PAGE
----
As far as trees are concerned, root injury is the source of all evil. Well, most of it, anyway; chainsaws and forest fires aren’t so kind to trees, either. But regardless of the worrisome signs a tree may develop, whether early fall leaf color, tip dieback, slow growth, or even some diseases and insect infestations, the problem is below ground in the majority of cases. » Continue Reading.
Posts Tagged ‘Gardening’
Every two years I gather together some friends to make hard cider. None of us have apple orchards. From the time the buds break throughout the summer, until after the first couple hard frosts, we scan the roads and fields of the Adirondacks. We look for abandoned orchards and clumps of neglected trees in yards and inquire with their owners.
Right up until the last gallon goes into the fermenter we have endless debates about the best way to pick our finds. We prattle on about the best timing, their sugar content, texture, and flavors. Inevitably the question is raised: “well, what do you think it is?” Now, a new book has been published that we can turn to in trying to figure that out. » Continue Reading.
The Lake George Community Garden Club’s Annual Perennial Plant Sale will be held in Shepard Park, Lake George on Saturday, May 16th from 9 am until 2 pm in conjunction with the Fund for Lake George’s Stewardship with Style Festival on the same weekend, also in Shepard Park.
The annual Perennial Sale offers hundreds of high-quality perennial plants grown and dug from local zone 4 and 5 gardens. Garden Club members will be available to share planting instructions, tips for successful gardening, and other information. The sale will also include a tag sale and the sale of garden art objects created by Garden Club members. » Continue Reading.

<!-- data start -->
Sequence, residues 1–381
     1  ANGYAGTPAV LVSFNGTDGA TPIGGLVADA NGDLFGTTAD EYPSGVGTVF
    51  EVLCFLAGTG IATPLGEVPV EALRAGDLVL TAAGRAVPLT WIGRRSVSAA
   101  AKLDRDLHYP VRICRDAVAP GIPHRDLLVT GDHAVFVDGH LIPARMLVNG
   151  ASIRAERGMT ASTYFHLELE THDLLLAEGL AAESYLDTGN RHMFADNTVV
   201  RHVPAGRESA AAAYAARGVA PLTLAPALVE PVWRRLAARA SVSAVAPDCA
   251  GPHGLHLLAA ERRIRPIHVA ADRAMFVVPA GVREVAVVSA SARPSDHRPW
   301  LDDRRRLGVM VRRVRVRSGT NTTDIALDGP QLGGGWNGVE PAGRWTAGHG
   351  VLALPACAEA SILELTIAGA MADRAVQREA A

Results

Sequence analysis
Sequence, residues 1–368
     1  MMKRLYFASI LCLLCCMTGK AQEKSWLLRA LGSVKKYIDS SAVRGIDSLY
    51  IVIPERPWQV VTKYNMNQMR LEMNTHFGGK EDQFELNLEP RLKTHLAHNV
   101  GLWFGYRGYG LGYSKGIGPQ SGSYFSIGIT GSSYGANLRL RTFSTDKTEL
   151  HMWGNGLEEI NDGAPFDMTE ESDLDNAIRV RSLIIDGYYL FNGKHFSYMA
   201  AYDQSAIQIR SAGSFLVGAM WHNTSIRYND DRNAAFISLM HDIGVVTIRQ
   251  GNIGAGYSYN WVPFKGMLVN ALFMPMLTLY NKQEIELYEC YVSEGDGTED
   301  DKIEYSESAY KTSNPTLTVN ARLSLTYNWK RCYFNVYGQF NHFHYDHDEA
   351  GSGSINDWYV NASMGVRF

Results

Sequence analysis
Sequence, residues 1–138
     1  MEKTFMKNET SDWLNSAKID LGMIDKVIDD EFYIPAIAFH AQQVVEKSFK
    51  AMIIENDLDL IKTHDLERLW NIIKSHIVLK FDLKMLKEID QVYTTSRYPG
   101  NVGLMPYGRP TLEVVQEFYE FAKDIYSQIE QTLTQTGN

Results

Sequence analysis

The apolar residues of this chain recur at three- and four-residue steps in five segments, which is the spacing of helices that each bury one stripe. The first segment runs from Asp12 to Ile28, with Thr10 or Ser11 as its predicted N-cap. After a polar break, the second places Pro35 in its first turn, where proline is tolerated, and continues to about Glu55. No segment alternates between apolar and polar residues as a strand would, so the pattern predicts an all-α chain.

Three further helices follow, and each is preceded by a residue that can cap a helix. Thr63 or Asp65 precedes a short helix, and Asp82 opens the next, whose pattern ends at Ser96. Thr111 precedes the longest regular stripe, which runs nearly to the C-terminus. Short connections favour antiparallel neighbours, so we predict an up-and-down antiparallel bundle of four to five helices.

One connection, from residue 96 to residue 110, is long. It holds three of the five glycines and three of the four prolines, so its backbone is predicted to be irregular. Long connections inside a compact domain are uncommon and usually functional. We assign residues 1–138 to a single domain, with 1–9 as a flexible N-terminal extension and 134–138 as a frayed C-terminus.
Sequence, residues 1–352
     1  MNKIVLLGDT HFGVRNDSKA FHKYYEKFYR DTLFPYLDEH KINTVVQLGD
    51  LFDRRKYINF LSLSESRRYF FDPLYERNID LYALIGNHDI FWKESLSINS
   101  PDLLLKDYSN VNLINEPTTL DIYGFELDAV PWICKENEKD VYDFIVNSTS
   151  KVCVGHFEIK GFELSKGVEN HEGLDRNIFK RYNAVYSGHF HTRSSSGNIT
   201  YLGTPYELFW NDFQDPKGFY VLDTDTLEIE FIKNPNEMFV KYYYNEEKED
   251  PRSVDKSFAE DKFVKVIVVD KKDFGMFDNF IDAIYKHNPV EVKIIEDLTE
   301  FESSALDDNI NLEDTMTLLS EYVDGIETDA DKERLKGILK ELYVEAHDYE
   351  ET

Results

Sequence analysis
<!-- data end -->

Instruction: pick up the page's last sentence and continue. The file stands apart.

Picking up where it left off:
Spring is finally here and Saranac Lake has thousands of daffodils starting to bloom as proof. The first weekend of the springtime Daffest tradition flew by with its “Try Mine” Pastry contest and Daffest Derby race, and now the final weekend approaches and all sorts of spring activities are on the docket.
My family always enjoys this ritual of spring. Mud season is a tough time. We don’t want to damage the fragile hiking trails, but we still want to explore outside. An easy fix is walking through Saranac Lake Village to see all the daffodils just starting to bloom. » Continue Reading.
Muskrat Day. Velcro Appreciation Month. Hair Follicle Hygiene Week. Arbor Day. You know it’s an obscure event when the greeting-card trade hasn’t bothered to capitalize on it. I like to think the industry knows Arbor Day is worthy of a Hallmark line, but that they’ve decided to honor its spirit by conserving paper. (C’mon, it’s possible.)
While it’s not the best-known observance, Arbor Day has a respectable history, as well as local roots. Begun in 1872 by Adams, NY (Jefferson County), native J. Sterling Morton, Arbor Day was intended to highlight the need to conserve topsoil and increase timber availability in his adopted state of Nebraska. Though it began as an American tradition, Arbor Day, which is observed on the last Friday in April, is now celebrated worldwide. » Continue Reading.